My friend, Wayne Laugesen 

click to enlarge Stewart Sallo
  • Stewart Sallo

After reading the Indy's recently published piece on Wayne Laugesen ("Gazette's un-funny editorialist," Ranger Rich, May 29), I feel compelled to make an attempt to set the record straight.

I have known Laugesen since 1994, when he was first hired as a reporter for the then-upstart Boulder Weekly, of which I am the founder, owner and publisher. Over the course of our now-14-year association, I have had a clearer window into Laugesen's true nature than Rich Tosches, Mikey Weinstein, Rick Baker or anyone from the Colorado Springs community.

In the interest of full disclosure, I will admit that I have fundamental differences with Laugesen, which made it very challenging for me to work with him. However, rather than delve into the specifics of these differences, I will focus instead on the most relevant area of agreement between us: a commitment to defending religious freedom.

During the time Laugesen and I served together as strange bedfellows at the Weekly, we enjoyed frequent heart-to-heart conversations about the subject of religion. His points of view on religious freedom, Judaism, the state of Israel and numerous related subjects were clearly revealed to me during those discussions.

Despite my very real and sometimes troubling disagreements with Laugesen on a certain list of issues, I can state with complete confidence to the Indy's staff, and everyone in Colorado Springs, that Wayne Laugesen is a great champion of religious freedom and expression, a strong supporter of Israel's right to exist and a sincere defender of the Jewish people, along with any other groups who are subject to bigotry in any form. To accuse Laugesen of anti-Semitism or any other form of bigotry is plainly false. He is a man without a bigoted bone in his body.

My professional and personal relationship with Laugesen has been transformative for me in that it has taught me to become more tolerant and understanding of my fellow human beings. We, as a culture, are much too quick to affix labels and to enable those labels to dictate our judgment of people. As a Jew, I have often been the subject of those kinds of "stereotypes" particularly as a small child growing up in an anti-Semitic neighborhood in Minneapolis. Through knowing Laugesen, I have come to realize that, despite their majority status, Christians are also subject to stereotypical judgment and the corresponding bigotry that is more commonly directed toward those in minority groups.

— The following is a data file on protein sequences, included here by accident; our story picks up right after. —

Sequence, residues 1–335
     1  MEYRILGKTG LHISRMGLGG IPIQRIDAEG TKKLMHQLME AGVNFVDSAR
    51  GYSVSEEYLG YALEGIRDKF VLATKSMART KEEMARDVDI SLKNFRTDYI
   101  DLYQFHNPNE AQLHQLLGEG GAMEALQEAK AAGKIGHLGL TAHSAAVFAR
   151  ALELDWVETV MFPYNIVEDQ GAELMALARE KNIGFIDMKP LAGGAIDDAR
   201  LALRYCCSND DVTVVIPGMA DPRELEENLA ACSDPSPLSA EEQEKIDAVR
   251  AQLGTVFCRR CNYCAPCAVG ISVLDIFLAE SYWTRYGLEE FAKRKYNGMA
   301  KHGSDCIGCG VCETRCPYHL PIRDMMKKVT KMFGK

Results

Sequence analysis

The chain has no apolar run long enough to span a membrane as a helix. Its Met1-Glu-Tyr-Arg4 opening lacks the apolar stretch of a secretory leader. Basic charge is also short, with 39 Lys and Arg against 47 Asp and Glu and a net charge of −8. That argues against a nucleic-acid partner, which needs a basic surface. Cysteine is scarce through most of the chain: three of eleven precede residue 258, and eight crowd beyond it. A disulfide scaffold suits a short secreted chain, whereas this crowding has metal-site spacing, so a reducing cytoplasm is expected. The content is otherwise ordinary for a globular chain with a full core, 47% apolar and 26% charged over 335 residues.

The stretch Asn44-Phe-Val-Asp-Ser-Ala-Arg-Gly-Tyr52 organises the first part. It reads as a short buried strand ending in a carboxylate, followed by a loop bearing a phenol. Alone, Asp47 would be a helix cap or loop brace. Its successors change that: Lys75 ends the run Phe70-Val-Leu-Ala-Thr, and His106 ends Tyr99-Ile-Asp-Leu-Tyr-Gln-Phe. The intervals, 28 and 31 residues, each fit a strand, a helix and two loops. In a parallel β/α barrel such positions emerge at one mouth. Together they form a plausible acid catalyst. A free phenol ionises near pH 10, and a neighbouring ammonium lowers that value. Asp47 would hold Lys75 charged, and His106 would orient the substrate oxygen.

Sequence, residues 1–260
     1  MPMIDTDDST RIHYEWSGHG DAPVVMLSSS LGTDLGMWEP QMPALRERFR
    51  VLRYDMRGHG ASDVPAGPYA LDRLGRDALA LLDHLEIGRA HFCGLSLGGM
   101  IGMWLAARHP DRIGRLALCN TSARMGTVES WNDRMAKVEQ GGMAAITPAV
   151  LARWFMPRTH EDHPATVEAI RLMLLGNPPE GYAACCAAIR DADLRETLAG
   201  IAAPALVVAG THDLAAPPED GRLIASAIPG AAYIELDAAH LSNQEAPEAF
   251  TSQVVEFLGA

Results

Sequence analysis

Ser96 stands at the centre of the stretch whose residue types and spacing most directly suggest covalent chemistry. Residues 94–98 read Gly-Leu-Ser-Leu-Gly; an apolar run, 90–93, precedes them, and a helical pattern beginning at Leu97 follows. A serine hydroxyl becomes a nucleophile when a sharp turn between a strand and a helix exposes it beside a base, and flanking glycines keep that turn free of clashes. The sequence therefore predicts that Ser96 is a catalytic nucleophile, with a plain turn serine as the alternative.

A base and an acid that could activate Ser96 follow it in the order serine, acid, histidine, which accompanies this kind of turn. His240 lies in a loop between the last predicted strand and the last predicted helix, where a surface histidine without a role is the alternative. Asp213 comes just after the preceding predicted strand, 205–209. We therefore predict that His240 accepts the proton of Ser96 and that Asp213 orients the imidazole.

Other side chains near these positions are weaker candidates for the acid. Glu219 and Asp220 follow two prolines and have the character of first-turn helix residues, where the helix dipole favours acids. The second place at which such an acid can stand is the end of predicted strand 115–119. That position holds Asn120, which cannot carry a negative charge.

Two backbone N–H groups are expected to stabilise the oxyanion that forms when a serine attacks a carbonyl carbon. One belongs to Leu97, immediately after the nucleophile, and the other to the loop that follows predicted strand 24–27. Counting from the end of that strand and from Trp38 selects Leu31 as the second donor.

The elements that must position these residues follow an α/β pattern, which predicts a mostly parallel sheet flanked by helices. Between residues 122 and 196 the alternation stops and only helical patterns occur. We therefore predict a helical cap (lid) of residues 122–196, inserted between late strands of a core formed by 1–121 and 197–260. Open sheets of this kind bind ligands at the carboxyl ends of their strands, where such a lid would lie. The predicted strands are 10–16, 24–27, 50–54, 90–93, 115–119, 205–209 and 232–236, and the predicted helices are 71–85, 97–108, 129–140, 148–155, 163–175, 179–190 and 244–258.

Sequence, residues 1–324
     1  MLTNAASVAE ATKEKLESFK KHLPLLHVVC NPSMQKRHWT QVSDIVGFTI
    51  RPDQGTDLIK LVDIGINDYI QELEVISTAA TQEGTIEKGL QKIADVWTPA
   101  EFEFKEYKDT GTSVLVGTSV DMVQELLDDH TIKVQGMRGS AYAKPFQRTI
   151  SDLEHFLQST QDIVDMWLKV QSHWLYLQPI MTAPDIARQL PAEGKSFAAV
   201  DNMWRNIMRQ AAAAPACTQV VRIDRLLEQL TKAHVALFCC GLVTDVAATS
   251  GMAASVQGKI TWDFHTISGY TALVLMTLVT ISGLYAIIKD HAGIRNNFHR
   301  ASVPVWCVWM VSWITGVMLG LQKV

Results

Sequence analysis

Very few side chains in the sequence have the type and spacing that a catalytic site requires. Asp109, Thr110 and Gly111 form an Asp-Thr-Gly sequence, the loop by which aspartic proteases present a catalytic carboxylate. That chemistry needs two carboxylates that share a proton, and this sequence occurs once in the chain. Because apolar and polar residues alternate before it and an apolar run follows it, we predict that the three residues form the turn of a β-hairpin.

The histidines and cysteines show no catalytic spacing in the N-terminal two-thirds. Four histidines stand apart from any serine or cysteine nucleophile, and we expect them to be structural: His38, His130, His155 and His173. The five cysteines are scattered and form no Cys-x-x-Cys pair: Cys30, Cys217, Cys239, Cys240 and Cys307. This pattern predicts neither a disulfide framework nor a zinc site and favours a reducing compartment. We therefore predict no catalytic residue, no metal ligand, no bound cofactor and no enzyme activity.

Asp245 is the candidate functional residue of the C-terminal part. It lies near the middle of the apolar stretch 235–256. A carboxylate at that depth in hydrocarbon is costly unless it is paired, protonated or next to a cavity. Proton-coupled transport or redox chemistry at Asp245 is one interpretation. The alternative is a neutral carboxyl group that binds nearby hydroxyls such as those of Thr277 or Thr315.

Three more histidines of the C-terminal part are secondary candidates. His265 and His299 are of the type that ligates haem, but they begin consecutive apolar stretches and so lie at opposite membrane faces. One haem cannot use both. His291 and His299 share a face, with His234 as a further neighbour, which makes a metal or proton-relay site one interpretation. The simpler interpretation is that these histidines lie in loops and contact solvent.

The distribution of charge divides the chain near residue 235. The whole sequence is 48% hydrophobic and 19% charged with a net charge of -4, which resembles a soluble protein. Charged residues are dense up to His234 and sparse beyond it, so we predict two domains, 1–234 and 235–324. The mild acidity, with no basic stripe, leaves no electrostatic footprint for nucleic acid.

Indeed, in Tosches' piece, Laugesen is the victim of bigotry, portrayed as an oddball, Timothy McVeigh-like, violent Jew-hater whom we all should fear. This is simply not the case, and it pains me to see my fellow progressives exemplifying a form of vicious intolerance that we would prefer to believe is the exclusive territory of the O'Reillys, Limbaughs and Falwells of the world.

Have we devolved so deeply into our own narrow perspectives that we cannot investigate past the surface to see the whole person? Can we not get over ourselves long enough to see that, despite differences, there is a human being on the other end of our harsh and narrow judgments who is as worthy of love and compassion as are those with whom we agree? Most importantly, can we not see that this course of action only serves to exaggerate the differences between us, thereby forsaking the opportunity to explore the greater common ground that we all share?

Wayne Laugesen is a loving father and husband, a good friend, a courageous journalist and a man of the highest integrity. He may be a conservative/Libertarian Catholic who is fanatically against abortion. And he may have some unpopular views about the role of firearms in our culture and how to protect our citizens from gun violence. But without exception, all of his views are born of his deep commitment to what we refer to in the Jewish faith as tikkun olam the repair and healing of our world. And throughout our 14-year association, I have never known Laugesen to tell a lie. If he says that his comments about Jews combining government and religion were about the Jewish state of Israel, and that they were taken out of context, that's good enough for me.

Stewart Sallo is the owner and publisher of Boulder Weekly.

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